To improve performance and engagement, 70 policies were updated with complementary supporting toolkits/system-enabled process efficiencies, new guidelines, and e-learning on safeguarding and domestic abuse; cancer; and menopause. Internal leadership development was refreshed and began to incorporate coaching, e-learning and workshops, and a particular focus was placed on aspiring managers.
One of the biggest changes was a complete refresh of its sickness absence policy with a renewed focus on the Bradford Factor as a trigger. Between August 2018 and December 2019, employees in the green Bradford factor increased from 70% to 81%.
With the deadline for PPI claims drawing near, the HR team also recognised that job insecurity was a worry for some employees. To help give staff a choice about their future, it introduced career workshops, a £1,500 personal development budget for further training and qualifications, one-to-one coaching and early outplacement support, and a commitment to let staff know about compulsory redundancies six months in advance.
Since January 2018, the organisation has sponsored more than 530 employees to complete 1,100+ qualifications/training courses. This has helped reduce voluntary turnover from 12.1% to 7.8%.
Financial Services Compensation Scheme
The Financial Services Compensation Scheme (FSCS) helps people get back on track by protecting them when authorised financial services firms fail.
The board of FSCS developed an ambitious vision for the 2020s, and the FSCS People Team knew that it needed to help employees understand the new strategy and how they personally contributed to its success; increase employee engagement and excitement; equip leaders with the skills to drive performance; introduce more agile working; and deliver a more diverse and inclusive workplace.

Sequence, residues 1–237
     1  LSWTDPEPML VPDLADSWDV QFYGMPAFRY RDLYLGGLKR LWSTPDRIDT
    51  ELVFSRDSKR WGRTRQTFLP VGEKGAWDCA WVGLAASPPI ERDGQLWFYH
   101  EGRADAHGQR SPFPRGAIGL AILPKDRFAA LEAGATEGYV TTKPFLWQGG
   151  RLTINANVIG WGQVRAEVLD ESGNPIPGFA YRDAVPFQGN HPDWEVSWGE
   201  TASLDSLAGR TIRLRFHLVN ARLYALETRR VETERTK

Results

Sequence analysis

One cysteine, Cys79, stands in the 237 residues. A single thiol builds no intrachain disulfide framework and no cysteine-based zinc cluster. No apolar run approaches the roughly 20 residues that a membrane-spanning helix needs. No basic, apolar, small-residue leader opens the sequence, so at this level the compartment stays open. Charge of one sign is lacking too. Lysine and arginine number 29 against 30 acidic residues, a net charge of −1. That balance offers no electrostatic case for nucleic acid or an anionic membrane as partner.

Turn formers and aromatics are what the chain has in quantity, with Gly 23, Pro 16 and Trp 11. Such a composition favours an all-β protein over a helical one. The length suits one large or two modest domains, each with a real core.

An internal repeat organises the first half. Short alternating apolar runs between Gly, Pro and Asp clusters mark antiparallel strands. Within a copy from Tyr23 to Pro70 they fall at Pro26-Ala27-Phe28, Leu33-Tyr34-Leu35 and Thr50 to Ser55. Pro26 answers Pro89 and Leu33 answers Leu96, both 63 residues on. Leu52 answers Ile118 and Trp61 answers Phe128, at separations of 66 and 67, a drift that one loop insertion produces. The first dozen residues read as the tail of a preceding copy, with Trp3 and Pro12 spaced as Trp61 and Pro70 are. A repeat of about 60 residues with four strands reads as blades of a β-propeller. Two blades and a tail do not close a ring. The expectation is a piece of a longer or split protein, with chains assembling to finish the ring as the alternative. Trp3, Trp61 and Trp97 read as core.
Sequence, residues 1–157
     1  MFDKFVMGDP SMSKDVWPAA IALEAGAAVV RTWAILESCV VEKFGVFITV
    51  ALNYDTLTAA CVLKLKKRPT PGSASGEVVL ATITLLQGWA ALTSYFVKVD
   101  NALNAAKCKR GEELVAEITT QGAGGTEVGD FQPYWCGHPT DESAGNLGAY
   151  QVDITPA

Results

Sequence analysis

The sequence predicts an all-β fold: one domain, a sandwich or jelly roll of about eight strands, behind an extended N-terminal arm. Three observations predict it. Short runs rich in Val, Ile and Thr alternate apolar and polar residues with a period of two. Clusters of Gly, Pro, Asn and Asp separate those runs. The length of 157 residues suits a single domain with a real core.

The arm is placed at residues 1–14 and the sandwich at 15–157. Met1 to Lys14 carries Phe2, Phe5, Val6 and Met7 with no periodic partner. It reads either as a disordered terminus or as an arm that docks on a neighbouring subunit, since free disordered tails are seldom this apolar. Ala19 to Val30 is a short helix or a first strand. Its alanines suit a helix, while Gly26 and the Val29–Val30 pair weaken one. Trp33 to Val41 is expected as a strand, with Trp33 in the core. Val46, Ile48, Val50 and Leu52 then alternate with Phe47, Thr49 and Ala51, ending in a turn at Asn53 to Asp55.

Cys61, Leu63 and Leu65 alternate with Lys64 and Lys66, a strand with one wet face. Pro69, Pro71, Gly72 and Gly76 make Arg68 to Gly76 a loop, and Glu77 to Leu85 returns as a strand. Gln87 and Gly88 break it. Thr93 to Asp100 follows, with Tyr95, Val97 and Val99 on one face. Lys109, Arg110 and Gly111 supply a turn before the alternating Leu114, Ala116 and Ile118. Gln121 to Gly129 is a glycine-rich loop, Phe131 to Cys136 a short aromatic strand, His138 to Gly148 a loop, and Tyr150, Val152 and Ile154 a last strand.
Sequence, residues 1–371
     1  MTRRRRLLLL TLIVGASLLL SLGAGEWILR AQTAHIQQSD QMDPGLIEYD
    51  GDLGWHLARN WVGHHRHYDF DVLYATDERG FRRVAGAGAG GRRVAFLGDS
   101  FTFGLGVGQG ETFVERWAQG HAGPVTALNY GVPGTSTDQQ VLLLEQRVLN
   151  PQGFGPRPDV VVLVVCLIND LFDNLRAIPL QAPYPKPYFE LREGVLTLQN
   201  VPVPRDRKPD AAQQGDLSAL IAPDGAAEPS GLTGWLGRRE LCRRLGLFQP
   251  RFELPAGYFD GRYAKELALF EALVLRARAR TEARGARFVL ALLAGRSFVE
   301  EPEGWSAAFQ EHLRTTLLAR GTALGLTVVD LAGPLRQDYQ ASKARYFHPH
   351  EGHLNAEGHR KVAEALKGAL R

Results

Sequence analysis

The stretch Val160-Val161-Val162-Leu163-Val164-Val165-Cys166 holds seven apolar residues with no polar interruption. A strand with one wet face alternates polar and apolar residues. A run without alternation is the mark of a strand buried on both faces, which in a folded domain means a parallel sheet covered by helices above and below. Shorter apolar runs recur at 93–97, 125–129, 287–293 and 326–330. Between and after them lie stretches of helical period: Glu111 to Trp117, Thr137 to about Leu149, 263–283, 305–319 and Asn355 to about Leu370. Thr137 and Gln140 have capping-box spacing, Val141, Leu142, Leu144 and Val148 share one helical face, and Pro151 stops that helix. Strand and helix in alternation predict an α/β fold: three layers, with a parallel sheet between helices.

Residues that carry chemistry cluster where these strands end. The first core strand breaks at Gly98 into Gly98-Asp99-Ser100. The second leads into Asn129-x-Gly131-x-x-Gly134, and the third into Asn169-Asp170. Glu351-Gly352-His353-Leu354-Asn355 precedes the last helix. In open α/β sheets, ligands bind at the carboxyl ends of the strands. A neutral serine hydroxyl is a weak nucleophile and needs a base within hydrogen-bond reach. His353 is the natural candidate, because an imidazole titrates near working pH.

Before launching the new strategy, the 14-strong People Team hosted roadshow events in London and Glasgow, which were filmed and shown at other events. Superhero characters were developed to illustrate the strategy and the messages were further embedded with interactive activities.
It retired its engagement channels and launched one engagement platform called HIVE. Lockers of goodies managers could use to reward staff were introduced and Celebratory Shout Outs were held in offices to highlight success. An Engagement Crew was also formed of colleagues from across the organisation.
A development programme focusing on leadership and performance among frontline managers and senior leaders was established, and agile working was embedded across the organisation – which helped it move to fully-remote working seamlessly in March.
In February 2019 the FSCS became the first employer in the world to launch an online age-friendly employer profile which gathered inspiring stories, highlighted age-friendly policies and initiatives, and shared age-related data to prove that it was supporting its multi-generational workforce.